I picked up one of the two scythes available and felt a moment of hesitation as I realized that I had NO idea what I was doing with this thing. How hard can this be though? I mean, all we're doing is cutting down vegetation, right? And if you just whack at the plants hard enough then they're bound to get cut, right? My first few swings were clumsy and awkward; like trying to dance a completely new dance with someone whom you don't know very well (or not at all). My hands gripped the old, worn wood; if this was a waltz, then I was confusing the movements with a polka. Then there's always that moment when I have to tell myself to relax and just let the learning come as it pleases. I have this insane fear of not doing something right, right away. Learning curves are not something I consciously allow myself, but know that there's no way around them. The result is feeling like a failure and a dunce before my time. You would think that I would stop doing that to myself seeing as I've identified the problem. Some things can't be changed. Or at least not changed quickly.

My body began warming up, and I found myself getting to know this dance partner known as the scythe. I was having a strange deja vu moment as I caught on to the rhythm required. I think I've done this before... I hadn't though, but the feeling was there, and the feeling is there for others that I've seen as I've taught them other old fangled arts such as milking a goat, spinning yarn, or making cheese. There's something oddly familiar when we return to the heritage of our past and re-learn the secrets of our ancestors. 

My friend, and the day's working partner, went and found a whetstone so that I could sharpen the blades of our scythes. This I did know how to do. Goodness, I have dulled so many knives in the past from using a whetstone improperly that I despaired of ever learning. But this learning curve too, I passed and with flying colors. Moving briskly, my palm sized whetstone made metallic 'shlick, shlick, schlick', noises as I carefully took metal off the long, curved blade. First use the rough side and get a nice burr on the edge; yep, just like that. Now flip over to the fine side of the stone and finish it off. See the gleam?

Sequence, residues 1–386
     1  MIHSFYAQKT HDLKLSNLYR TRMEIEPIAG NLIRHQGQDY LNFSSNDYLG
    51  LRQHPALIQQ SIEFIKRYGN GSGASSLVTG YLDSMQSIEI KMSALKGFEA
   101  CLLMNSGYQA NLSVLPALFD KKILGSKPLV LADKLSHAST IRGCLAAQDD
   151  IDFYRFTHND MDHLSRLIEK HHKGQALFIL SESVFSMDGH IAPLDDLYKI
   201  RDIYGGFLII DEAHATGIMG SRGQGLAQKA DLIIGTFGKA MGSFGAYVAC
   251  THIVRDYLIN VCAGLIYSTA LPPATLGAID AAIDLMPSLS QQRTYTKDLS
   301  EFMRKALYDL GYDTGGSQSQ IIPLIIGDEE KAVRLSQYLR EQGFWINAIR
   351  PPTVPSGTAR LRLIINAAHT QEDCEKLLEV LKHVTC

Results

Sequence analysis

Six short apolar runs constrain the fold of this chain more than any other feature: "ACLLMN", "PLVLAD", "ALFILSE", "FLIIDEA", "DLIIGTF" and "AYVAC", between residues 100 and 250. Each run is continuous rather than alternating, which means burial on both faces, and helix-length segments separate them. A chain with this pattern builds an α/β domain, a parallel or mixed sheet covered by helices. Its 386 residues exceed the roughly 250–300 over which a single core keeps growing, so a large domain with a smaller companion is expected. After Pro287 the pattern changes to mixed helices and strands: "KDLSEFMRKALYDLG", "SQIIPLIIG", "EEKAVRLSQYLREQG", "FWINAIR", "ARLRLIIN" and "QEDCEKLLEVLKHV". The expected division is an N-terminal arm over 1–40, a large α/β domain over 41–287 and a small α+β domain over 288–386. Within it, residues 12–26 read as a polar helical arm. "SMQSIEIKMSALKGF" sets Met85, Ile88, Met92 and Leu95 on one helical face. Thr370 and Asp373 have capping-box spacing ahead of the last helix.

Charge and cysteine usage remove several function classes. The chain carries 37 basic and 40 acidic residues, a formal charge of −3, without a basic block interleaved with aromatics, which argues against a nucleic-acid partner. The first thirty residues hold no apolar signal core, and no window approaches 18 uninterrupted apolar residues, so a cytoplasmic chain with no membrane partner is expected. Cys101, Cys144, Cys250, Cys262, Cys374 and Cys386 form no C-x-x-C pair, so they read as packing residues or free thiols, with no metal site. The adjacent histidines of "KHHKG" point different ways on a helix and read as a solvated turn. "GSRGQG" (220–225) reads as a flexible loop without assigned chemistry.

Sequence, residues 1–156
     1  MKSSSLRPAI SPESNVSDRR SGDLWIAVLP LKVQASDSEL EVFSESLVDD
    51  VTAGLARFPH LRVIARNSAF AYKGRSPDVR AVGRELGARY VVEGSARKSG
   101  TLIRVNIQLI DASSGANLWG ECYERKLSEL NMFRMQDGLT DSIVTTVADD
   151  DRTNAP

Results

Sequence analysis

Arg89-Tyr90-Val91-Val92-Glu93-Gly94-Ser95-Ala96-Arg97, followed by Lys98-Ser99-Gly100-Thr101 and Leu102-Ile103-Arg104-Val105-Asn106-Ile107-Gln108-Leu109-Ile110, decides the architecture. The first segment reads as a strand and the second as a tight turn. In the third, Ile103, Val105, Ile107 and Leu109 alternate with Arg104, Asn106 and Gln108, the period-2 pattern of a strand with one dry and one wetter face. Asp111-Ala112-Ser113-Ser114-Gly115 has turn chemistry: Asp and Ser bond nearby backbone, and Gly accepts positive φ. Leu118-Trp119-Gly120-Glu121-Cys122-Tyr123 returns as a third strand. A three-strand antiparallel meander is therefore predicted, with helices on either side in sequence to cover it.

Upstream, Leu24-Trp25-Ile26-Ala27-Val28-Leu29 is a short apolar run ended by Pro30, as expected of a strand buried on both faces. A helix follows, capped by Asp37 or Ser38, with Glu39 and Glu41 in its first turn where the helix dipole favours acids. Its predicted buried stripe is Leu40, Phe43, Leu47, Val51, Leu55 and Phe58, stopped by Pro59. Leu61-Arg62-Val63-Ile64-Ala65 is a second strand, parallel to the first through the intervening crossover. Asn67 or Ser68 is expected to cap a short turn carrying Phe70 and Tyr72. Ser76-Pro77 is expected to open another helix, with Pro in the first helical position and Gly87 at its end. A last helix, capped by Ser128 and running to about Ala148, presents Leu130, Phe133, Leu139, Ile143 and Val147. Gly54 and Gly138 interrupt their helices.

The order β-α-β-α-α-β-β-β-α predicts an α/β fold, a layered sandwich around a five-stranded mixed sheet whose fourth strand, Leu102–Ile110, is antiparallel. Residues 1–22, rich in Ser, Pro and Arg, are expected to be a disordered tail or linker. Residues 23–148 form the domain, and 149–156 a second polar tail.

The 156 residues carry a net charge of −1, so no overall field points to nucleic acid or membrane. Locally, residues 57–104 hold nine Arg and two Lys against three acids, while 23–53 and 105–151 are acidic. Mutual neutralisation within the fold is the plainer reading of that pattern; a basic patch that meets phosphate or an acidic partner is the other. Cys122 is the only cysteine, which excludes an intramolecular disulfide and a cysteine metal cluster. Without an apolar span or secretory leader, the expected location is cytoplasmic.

Sharpening the scythe made a world of difference. Suddenly the dance steps made sense. I found a sweet rhythm and the methodical movements were made all the more enjoyable by seeing the big windrow of brush that I was creating in my wake. It required no fuel, no oil, and no noise, but here I was working merrily away with an old, old tool. It felt right.  

I put the scythe away with a bit of reluctance. The clock had struck 12 'o' clock for this Cinderella; the magic of the moment was broken and over. I had to come out of the past and back into the present. The memory remained though and I came to a conclusion this afternoon: I need one of these old fangled things for myself. 

I could use a weed eater instead. I could use the lawn mower. I could use some nasty, chemical spray on the weeds. I could use a cow to graze the grass down. I could let it grow and not even deal with it.

But I want to use a scythe because I am an old fangled person. And sometimes you just have to go with a gut instinct on these things. This I know to be true.



2 comments:

Anonymous said...

I'm terrible at writing, I can never seem to say on paper what is in my head. When I read your posts it feels like you're writing for me. I love Old Fangled.
Tasha

Kevin Naylor said...

Thanks for the inspiration . Do you recommend where to get one. Want to start using one.